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Re: Todays target...

"That's the problem with Bond villains - they try to scale up before they've actually created any reasonable mayhem in the first place. Fort Knox, Silicon Valley, global media, a satellite that reflects the Sun ..."

Goldfinger's plan for Fort Knox should have worked. His plan was to irradiate America's gold and render it worthless. Then his own treasure chest triples in value. Seems a plan to me but then, I'm not a banker!

Colin

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Re: Todays target...

Irradiated Gold - question for any nuclear scientists out there - would an atomic bomb blast chamically change the atomic structure of gold, transforming it into another element? Or would it just be vaporised (presumably to later settle over a large area and possibly be mined out again at a later date)??

Goldfinger was out in 1964, the US (and therefore t e rest of the world) went off the gold standard in 1971. So quite possibly in the reality of a successful Goldfinger attack, the powers-that-be might have simply anticipated moving off the gold standard by a few years, with no real effect on the world's money supply. Of course the price of gold itself might have gone up a bit, to Mr Goldfinger's advantage, but would it be worth the hassle to go from mega-rich to mega-mega-rich?

For me, the better Bond plots were the more realistic + achievable + get-away-with-it-able ones. No need to involve global destruction and far-fetched space weapons. Possibly why the Timothy Dalton Bonds are among my favourites - Both 'Living Daylights' and 'License to Kill' are far more beleivable than space stations, mega-lasers in the sky, unsecured nukes etc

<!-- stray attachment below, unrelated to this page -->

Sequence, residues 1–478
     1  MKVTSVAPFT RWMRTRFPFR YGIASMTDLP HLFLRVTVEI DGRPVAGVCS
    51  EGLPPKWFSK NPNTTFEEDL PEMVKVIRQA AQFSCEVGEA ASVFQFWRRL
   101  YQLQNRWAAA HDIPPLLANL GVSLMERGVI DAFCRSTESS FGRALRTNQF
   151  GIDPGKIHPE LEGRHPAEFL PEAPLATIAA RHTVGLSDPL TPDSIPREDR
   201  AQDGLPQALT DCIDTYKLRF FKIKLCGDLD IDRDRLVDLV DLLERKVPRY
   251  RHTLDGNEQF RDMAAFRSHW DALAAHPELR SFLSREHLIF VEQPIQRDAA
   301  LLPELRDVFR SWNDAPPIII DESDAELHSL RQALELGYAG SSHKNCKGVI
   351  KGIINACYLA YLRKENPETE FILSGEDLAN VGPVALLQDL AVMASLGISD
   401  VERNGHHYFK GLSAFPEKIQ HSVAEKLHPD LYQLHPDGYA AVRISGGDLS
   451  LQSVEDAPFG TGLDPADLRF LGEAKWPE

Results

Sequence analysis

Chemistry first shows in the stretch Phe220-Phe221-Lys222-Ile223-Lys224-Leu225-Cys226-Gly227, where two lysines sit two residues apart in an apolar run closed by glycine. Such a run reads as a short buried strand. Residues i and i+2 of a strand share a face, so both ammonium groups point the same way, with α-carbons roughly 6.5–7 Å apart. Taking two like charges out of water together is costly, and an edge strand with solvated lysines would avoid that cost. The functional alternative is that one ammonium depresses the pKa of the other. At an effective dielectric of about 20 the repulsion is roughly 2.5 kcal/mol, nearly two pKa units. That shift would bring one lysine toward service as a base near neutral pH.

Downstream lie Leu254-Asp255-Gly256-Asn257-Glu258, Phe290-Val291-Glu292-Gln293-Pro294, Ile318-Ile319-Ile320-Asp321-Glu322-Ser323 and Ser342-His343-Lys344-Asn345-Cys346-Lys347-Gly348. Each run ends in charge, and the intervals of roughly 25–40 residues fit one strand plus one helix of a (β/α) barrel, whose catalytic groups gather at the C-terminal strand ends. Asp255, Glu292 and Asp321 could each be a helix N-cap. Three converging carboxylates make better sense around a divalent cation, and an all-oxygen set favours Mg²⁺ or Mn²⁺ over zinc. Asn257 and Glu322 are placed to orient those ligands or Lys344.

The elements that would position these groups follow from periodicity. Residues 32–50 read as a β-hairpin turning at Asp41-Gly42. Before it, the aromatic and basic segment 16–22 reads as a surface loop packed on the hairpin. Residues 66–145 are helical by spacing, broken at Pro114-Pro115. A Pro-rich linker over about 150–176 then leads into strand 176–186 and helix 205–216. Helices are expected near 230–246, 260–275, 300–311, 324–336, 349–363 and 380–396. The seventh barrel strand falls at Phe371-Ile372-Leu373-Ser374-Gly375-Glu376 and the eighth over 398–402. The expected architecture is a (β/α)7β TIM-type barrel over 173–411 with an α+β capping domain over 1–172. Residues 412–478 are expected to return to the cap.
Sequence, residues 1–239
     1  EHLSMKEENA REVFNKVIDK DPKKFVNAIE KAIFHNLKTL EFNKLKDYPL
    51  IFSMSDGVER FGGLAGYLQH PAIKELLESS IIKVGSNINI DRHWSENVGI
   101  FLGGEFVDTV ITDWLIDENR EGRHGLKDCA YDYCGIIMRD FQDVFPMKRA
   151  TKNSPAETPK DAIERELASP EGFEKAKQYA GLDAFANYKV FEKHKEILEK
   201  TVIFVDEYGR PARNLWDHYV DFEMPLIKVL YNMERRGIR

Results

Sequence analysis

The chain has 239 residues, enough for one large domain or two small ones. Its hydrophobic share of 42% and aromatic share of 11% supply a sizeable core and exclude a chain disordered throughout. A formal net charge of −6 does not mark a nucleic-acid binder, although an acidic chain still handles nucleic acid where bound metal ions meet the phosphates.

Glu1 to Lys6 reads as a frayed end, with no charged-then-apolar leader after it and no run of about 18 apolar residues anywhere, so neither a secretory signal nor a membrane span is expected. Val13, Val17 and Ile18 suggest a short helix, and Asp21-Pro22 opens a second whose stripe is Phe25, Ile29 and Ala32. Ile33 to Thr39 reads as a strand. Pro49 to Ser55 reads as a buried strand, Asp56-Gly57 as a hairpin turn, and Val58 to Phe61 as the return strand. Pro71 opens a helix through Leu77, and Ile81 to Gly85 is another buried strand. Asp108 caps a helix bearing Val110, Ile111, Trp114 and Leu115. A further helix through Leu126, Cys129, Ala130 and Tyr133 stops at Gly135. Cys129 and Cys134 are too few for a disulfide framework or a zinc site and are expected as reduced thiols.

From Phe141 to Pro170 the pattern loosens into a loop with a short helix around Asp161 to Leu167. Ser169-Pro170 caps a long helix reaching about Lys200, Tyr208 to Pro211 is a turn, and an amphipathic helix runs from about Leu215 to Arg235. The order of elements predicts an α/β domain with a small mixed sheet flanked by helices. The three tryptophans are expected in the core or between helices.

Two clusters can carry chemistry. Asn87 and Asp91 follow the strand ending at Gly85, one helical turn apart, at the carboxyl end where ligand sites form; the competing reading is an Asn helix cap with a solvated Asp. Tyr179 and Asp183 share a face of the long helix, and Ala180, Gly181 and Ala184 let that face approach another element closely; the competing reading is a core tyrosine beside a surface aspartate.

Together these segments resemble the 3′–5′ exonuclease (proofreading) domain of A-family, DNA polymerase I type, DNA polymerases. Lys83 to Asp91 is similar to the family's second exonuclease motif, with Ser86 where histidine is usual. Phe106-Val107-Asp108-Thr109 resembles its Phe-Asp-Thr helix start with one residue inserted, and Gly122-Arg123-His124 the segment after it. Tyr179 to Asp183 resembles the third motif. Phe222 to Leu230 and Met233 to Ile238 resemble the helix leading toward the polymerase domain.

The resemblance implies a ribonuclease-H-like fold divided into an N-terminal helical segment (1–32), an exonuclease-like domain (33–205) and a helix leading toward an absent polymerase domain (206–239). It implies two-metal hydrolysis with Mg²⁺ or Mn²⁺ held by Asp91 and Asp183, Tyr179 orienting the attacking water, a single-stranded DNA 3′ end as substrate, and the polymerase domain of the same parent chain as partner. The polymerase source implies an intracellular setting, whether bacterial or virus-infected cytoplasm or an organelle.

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Re: Todays target...

There was some research in the 1950s into so-called salted bombs in which the shell of the bomb is turned into radioactive isotopes by neutron bombardment and is then spread on the wind. Several elements have been proposed one of which was gold 198 with a 2 day half-life.

The most famous salted bomb is the cobalt bomb which used a cobalt 59 shell to produce cobalt 60 which accumulates in the bones. It is a beta emitter, whose product is nickel 60 that spits out gamma rays. The UK tested at least one device in Australia to prove the principle (it works), but AFAIK no one ever put the bombs into service.

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Black Helicopters

Last Years' target...

Zorin came back to life, created a weather machine and flooded Bangkok last year.

Now there is a global recession... Coincidence? I don't think so!!!

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Re: Didn't Sun have an office in the World Trade Center?